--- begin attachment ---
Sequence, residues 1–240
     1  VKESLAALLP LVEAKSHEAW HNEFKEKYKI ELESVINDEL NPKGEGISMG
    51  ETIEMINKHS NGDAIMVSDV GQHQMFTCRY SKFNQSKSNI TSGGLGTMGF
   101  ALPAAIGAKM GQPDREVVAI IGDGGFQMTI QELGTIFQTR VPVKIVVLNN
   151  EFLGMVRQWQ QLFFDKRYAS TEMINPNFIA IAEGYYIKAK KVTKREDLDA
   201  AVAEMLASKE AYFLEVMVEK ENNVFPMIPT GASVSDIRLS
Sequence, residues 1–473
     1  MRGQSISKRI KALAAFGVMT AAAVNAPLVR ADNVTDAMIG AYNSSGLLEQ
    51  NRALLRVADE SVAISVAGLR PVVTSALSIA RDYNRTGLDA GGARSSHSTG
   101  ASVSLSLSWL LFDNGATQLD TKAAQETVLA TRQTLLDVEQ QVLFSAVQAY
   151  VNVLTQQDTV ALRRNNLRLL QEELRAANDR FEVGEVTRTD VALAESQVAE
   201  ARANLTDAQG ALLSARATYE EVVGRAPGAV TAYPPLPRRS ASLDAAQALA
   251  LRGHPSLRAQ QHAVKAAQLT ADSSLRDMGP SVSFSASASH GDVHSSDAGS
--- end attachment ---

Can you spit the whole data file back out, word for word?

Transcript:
Sequence, residues 1–240
     1  VKESLAALLP LVEAKSHEAW HNEFKEKYKI ELESVINDEL NPKGEGISMG
    51  ETIEMINKHS NGDAIMVSDV GQHQMFTCRY SKFNQSKSNI TSGGLGTMGF
   101  ALPAAIGAKM GQPDREVVAI IGDGGFQMTI QELGTIFQTR VPVKIVVLNN
   151  EFLGMVRQWQ QLFFDKRYAS TEMINPNFIA IAEGYYIKAK KVTKREDLDA
   201  AVAEMLASKE AYFLEVMVEK ENNVFPMIPT GASVSDIRLS
Sequence, residues 1–473
     1  MRGQSISKRI KALAAFGVMT AAAVNAPLVR ADNVTDAMIG AYNSSGLLEQ
    51  NRALLRVADE SVAISVAGLR PVVTSALSIA RDYNRTGLDA GGARSSHSTG
   101  ASVSLSLSWL LFDNGATQLD TKAAQETVLA TRQTLLDVEQ QVLFSAVQAY
   151  VNVLTQQDTV ALRRNNLRLL QEELRAANDR FEVGEVTRTD VALAESQVAE
   201  ARANLTDAQG ALLSARATYE EVVGRAPGAV TAYPPLPRRS ASLDAAQALA
   251  LRGHPSLRAQ QHAVKAAQLT ADSSLRDMGP SVSFSASASH GDVHSSDAGS